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A few years ago, I wrote about “The Paradox of Capitalism,” which reflected on the reality that we are dependent for survival on the very system that is threatening the survival of our entire planet.

paradoxWith the passing of time, the paradoxical nature of our world has only revealed itself more. The most powerful man in the world right now is perhaps the very worst possible person one could choose to hold such a responsibility. We’ve also seen a string of sexual abuse scandals begin to emanate from the most powerful people in Hollywood.

Why is it that those who abuse others seem to wind up in positions of authority and are enabled in their abuse, while those abused are often silenced for years or even decades? 

Let’s investigate this question through the use of paradoxes – I hope they will shed some light on the subject. I’ll begin with the most obvious and then build toward to the core of our question.

Age

The young take great pains to appear older; the old take great pains to appear younger.

For the young, time passes excruciatingly slowly; the older one gets, the more one realizes how rapidly time passes, and consequently how young one actually is.

Knowledge

The least knowledgeable are the most likely to declare what they think they know; the most knowledgeable are the most likely to admit what they don’t.

People who speak the most often have the least to say; people who speak the least often have spent the most time in quiet observation, and therefore have the most wisdom to share.

Confidence

Those who project confidence have likely spent the least effort challenging their own understanding — this is shallow confidence; those who reveal uncertainty likely have forged the strongest understanding in a cauldron of self-doubt — here is deep confidence.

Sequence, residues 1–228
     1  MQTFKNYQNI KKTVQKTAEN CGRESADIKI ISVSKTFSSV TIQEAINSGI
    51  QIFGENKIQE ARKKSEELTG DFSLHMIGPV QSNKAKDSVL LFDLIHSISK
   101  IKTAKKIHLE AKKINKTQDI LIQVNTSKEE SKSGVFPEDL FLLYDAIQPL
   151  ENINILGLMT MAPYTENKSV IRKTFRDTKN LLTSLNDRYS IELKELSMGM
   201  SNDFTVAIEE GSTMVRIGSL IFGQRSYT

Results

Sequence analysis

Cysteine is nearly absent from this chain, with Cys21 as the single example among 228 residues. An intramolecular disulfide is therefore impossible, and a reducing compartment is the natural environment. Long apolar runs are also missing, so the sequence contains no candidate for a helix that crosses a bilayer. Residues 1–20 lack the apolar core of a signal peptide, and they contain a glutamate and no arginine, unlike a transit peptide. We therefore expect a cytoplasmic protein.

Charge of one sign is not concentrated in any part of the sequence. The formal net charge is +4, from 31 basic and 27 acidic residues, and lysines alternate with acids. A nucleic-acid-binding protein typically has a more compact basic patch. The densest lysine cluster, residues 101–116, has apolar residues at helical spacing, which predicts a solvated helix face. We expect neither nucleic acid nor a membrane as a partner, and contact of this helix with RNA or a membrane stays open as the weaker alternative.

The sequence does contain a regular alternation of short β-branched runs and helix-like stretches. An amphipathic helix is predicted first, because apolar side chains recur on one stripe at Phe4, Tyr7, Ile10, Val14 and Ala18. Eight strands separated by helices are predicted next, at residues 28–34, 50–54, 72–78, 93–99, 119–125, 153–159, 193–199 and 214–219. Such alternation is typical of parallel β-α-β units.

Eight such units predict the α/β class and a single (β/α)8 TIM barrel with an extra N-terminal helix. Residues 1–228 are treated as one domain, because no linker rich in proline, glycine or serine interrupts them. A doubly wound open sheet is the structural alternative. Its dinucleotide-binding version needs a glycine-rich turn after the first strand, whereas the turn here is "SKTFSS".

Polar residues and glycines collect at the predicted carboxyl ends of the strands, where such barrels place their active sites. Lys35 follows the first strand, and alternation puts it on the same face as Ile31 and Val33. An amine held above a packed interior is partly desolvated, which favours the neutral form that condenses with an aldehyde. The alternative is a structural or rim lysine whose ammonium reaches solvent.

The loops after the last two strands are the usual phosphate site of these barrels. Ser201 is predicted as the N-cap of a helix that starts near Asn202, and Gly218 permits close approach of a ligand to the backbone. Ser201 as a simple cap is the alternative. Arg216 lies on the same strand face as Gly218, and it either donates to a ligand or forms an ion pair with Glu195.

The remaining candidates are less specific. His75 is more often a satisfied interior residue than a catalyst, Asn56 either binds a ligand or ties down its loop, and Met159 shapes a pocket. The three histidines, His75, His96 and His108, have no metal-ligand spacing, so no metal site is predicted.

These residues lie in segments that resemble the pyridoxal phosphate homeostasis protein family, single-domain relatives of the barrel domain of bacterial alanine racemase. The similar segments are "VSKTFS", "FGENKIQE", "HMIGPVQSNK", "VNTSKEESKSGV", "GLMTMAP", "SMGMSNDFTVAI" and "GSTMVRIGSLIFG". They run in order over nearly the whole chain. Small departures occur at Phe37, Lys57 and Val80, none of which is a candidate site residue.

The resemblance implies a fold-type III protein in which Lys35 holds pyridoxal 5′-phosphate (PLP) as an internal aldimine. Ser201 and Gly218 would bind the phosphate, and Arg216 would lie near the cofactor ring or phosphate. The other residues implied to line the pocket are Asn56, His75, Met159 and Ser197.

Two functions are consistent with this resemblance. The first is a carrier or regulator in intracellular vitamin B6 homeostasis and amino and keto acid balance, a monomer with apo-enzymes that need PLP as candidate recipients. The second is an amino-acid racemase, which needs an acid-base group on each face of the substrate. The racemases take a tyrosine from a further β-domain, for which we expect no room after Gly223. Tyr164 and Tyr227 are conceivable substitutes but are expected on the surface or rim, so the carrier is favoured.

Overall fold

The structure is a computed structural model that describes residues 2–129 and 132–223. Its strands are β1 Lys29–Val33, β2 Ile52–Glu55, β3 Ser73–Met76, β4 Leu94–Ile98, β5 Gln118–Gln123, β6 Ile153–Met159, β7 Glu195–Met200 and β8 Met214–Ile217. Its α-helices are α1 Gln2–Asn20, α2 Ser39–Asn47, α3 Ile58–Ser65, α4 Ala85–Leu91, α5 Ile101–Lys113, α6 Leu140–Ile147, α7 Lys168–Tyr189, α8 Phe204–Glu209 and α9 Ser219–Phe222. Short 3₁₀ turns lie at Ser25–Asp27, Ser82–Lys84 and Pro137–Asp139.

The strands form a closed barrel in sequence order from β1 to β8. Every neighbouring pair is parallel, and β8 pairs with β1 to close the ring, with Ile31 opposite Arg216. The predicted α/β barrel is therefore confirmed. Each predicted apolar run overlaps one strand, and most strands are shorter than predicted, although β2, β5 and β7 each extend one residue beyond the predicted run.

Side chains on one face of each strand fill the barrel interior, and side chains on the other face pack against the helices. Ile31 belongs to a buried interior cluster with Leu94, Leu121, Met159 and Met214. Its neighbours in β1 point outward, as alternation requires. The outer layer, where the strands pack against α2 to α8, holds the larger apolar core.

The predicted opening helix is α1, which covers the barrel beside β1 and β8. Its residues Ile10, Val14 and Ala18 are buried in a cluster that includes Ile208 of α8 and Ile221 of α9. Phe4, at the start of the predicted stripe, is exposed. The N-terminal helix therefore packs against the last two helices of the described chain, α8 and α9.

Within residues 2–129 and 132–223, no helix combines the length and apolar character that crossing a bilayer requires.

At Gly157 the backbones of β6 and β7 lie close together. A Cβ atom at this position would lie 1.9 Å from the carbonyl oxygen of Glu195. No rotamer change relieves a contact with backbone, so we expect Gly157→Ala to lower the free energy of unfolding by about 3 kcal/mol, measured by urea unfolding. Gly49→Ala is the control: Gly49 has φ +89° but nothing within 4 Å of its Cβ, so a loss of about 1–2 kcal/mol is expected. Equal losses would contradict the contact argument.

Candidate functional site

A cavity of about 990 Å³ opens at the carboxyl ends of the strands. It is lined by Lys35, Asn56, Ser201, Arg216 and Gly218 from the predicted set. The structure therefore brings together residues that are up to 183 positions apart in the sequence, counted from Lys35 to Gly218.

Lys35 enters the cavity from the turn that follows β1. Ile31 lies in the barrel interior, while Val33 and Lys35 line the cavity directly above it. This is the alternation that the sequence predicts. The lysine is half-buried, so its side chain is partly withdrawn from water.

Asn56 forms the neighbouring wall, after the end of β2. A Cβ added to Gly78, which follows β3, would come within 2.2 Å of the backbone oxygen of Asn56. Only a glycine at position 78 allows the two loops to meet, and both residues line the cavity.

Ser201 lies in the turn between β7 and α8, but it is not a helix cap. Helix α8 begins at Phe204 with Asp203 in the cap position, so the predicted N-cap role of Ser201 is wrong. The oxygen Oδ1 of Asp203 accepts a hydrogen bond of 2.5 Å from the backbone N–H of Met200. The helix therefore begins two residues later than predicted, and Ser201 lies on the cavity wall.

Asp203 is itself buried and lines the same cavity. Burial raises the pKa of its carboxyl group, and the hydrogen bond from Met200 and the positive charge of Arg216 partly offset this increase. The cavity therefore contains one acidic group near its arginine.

Shallow confidence won’t stand up to scrutiny but is the least likely to be challenged – its brazenness and loudness leads to wide acceptance; deep confidence is constantly overlooked, challenged and dismissed, despite its actually being the strongest.

Power

Those with the least power in society are the most likely to blame themselves for their failures; those with the most power are the quickest to blame someone else. This helps ensure that those in power tend to remain in power, and vice versa.

People most likely to act on behalf of the best interests of everyone, i.e. those who would make the best leaders, are the quickest to doubt their own ability to lead; people most likely to seek leadership positions are also the most likely to act on their own self-interest and consequently make the worst leaders.

The concentration of power into the fewest hands accelerates the efficiency of the exercise of that power; it also ensures that the exercise of power will be divorced from the actual will of the people. This explains the creation of every system of abuse – from patriarchy to capitalism to the U.S. government to Hollywood.

Conclusion

Using this paradoxical viewpoint, especially highlighting the constant tension between what appears true on the surface and what is actually true deep underneath, opens up a window into the logic that has brought us to the terrible conundrum we are in – where the world is upside down.

The conundrum can only be escaped through democracy, the decentralization of power, and on a more personal level, the active practice of listening, asking questions, and philosophical self-doubt.

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by Alex Knight, 1/6/17

Republished on Countercurrents.

In 2000, I was 17 years old. I didn’t know the first thing about politics, history, or social change. My first preference in the U.S. Presidential Election was for George W. Bush.[i] Somehow in my ignorance I had figured out that the Democrats were the more popular party, and I reviled what was popular. The President for the last eight years had been a Democrat. I also knew that the society I lived in sucked. It sucked for teenage me, and it sucked in general. So, without any deeper thought on the subject, my infantile rebellion led me to the only alternative in a two-party system, the Republicans. Once again in 2016, “non-college educated white men” like my teenage self followed similar logic to give Donald Trump just enough votes to sneak into the White House. When asked in exit polls what was the “quality that mattered most” in deciding who to vote for, the number one quality voters sought was a candidate who “can bring change.” Of those change-seeking voters, 83% were captured by Trump.